Here too, the further considerations of occurrences in only certain areas were applied. Schrader was criticized as having been under the influence of certain preconceived ideas about the culture of the Indo-Euro35 peans. Although Hirt concedes that properly employed linguistic science has some justification in the investigation of Indo-European culture and constructs a cultural history on this , he qualifies this approach by arguing that priority must be given to what we know of the oldest living conditions of the individual peoples, then archeological evidence can be added, and only then, when we have considered these things, can language teach us anything, primarily whether the objective correspondences are coinci36 dental or go back to some collectively experienced ancient past.
This procedure sounds at first quite reasonable, but when we take into account some of the Germanic aspects of particular interest here, it takes a new turn. The home of the Indo-Europeans and the Germani is assumed to be one and the same — and that is of decisive importance for the whole development of historical linguistics.
fotinokumo.ga He maintains that for centuries the Germani have dwelt on their ancient native soil, just as Tacitus presumed, and that this fact should also be evident in the language, which Hirt re37 gards, in fact, as an Ursprache, that is, as a language that goes back to pre-historic times. There are objective, factual differences in their views — for example on the question of the original homeland of the Indo-Europeans Europe or Asia or the level of civilization of the Indo-Europeans knowledge of agriculture and fixed dwelling-places, for example. There are also methodological differences.
Hoops has the closest affinities with linguistic paleontology. From the integrative perspective, Hehn and Schrader agree in the assumption of a Germanic peripheral culture that is part of the flow of civilization spreading from the east in a westerly and northerly direction. Hoops and Hirt agree on the thesis of origins: a direct line in a geographical and ethnic sense leads from Indo-European to Germanic and finally to German.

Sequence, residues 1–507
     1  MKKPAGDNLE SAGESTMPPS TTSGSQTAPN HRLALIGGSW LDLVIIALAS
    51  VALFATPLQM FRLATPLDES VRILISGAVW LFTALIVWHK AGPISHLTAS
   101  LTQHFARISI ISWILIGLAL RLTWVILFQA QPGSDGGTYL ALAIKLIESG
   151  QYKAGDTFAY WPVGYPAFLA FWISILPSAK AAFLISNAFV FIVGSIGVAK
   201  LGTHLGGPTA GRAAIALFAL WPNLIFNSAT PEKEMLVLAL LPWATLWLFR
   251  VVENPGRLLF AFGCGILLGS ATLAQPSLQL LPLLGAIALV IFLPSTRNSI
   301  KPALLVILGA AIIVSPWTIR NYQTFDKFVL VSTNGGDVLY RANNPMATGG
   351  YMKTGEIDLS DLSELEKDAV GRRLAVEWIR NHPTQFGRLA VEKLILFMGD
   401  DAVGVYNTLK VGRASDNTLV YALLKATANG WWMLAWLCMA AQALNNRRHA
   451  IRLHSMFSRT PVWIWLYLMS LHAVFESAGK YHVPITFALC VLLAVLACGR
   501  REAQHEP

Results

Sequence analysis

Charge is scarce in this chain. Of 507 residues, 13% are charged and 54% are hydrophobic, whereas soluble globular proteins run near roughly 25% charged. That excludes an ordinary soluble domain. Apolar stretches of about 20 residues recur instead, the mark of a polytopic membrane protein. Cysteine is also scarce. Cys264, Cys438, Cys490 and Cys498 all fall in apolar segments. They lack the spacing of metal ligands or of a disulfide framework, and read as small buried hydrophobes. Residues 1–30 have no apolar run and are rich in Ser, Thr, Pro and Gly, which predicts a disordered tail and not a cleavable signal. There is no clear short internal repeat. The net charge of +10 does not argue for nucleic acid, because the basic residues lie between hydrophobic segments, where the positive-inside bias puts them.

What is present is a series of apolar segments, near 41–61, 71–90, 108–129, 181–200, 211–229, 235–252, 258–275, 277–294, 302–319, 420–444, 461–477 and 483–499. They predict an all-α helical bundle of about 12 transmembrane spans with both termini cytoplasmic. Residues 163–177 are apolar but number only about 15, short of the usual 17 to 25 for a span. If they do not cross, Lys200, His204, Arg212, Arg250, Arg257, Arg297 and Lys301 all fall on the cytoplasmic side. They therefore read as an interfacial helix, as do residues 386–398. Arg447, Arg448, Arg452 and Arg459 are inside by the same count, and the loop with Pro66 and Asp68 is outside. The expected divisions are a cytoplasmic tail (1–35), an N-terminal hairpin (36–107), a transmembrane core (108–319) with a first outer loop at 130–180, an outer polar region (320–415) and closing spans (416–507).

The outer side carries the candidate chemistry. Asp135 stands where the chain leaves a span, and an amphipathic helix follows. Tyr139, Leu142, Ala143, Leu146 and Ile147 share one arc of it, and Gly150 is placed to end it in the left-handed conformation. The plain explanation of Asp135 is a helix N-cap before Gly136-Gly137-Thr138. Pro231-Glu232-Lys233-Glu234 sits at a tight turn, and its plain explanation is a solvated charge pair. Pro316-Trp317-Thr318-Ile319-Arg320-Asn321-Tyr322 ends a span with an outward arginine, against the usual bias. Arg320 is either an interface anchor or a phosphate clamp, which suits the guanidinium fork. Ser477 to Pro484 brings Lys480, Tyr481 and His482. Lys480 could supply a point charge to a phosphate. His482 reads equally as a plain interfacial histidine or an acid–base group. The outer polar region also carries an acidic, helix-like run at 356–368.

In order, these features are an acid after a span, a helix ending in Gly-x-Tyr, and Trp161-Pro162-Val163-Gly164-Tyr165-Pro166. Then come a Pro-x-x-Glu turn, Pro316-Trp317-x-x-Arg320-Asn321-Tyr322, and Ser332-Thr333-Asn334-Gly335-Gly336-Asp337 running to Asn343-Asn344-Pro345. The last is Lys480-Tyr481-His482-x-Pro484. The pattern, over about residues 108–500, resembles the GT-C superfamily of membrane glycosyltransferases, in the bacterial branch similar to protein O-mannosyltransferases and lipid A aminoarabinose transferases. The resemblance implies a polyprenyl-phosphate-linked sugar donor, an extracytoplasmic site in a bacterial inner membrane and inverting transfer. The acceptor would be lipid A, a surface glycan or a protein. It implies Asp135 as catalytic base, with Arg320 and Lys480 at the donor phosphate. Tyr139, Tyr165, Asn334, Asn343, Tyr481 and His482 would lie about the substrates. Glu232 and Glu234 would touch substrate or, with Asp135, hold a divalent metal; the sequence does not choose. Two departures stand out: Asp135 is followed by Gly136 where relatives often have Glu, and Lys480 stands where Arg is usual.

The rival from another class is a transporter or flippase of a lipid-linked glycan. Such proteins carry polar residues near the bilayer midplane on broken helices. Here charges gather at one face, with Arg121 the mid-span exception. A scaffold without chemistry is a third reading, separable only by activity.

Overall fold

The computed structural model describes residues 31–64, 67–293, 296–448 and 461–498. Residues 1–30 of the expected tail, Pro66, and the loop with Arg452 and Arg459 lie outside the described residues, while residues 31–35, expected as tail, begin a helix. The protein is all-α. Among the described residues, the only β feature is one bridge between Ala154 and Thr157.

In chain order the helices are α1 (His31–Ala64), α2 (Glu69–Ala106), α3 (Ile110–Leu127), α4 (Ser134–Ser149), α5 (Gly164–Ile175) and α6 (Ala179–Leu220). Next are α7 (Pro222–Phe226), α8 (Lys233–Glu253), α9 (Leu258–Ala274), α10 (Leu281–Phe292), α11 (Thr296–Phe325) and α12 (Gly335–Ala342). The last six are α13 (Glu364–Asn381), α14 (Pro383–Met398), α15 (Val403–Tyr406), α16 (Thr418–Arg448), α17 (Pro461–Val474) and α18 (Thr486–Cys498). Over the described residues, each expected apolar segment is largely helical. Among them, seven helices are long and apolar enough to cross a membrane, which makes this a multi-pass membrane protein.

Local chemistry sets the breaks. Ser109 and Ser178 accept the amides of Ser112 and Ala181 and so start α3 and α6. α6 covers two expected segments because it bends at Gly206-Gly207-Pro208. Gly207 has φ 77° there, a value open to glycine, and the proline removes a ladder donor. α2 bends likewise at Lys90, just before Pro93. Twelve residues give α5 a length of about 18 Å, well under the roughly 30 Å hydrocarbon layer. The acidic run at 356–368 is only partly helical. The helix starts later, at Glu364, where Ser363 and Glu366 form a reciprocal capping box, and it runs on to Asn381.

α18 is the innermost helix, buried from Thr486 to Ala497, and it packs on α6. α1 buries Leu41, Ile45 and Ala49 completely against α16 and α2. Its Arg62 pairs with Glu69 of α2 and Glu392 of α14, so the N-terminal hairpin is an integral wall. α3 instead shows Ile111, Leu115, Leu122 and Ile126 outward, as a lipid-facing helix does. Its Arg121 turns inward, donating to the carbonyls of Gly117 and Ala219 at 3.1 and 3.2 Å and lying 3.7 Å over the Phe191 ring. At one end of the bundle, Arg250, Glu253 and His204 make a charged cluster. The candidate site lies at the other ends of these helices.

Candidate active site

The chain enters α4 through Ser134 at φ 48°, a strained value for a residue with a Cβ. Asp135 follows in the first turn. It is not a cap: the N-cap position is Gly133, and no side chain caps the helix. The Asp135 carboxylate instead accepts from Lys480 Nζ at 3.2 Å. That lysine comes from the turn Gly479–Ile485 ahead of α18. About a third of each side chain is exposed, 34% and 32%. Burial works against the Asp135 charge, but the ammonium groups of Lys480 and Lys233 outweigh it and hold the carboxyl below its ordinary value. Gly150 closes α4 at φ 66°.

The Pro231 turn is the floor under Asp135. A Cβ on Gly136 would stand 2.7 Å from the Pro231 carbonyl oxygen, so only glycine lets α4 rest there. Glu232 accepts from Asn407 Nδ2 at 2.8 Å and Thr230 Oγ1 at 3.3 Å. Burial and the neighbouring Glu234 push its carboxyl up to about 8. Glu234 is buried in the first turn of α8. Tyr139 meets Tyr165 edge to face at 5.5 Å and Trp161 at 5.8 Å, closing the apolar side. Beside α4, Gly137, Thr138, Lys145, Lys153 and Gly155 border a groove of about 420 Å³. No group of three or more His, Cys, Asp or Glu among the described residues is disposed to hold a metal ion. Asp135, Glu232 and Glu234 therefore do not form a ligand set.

In other words: an integrative Germanic Altertumskunde is of itself a science that is oriented to contents and to the state of research at any one time. The Germanist Friedrich Kauffmann attempted an integrative approach that would avoid the dangers of a non-empirically based approach, and his Deutsche Altertumskunde appeared in two volumes in and The stylistic laws of popular creativity are, he maintains, no less characteristic in language and poetry than in social, economic and commercial products, though in the latter they are clearer, and their essential features are therefore much easier to comprehend.
If one reduces this argument to the concept of style, then Kauffmann can rely on an established tradition. When Friedrich Schiller writes of style that it is nothing more than the highest form of representation, free from all subjective and also contingent objective determinants, then style is obviously an individual and ethno-specific formal quality of a characteristic kind. Kauffmann was not one of the collaborators on the Reallexikon — in which there is no article on style in general only artistic styles were briefly dealt with, as in A. On the other hand, however, new subject areas have developed in recent times: paleo-botany, paleo-zoology, soil science, metallurgy and others, which all contribute to academic and scientific research into the Germani.
A single-discipline approach brought about notable academic and scientific results, but the inherent need for specialization also had its shortcomings.
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The call for an interdisciplinary approach is an expression of this. If one takes an overview of Germanic Altertumskunde, one can observe the increasing participation of diverse disciplines.
Initially, Altertumskunde was led by the philologists. As the next step, the study of specimens and objects found by antiquarians was added. At the end of the nineteenth century, pre-historic archeology entered in the guise of a new academic subject. The twentieth century was marked by the additional contribution of the natural sciences. While, on the one hand, the academic and scientific basis of Germanic Altertumskunde expanded, there arose, on the other, the problem of how to combine these disciplines into a unified concept.